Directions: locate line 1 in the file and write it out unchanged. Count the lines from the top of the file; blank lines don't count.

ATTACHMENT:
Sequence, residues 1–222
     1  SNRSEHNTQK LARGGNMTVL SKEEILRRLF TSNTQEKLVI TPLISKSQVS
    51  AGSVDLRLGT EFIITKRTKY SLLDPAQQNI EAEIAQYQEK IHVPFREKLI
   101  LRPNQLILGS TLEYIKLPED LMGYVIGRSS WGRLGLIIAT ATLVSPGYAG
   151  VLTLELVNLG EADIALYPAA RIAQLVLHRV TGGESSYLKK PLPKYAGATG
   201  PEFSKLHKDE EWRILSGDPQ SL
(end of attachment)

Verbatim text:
Sequence, residues 1–222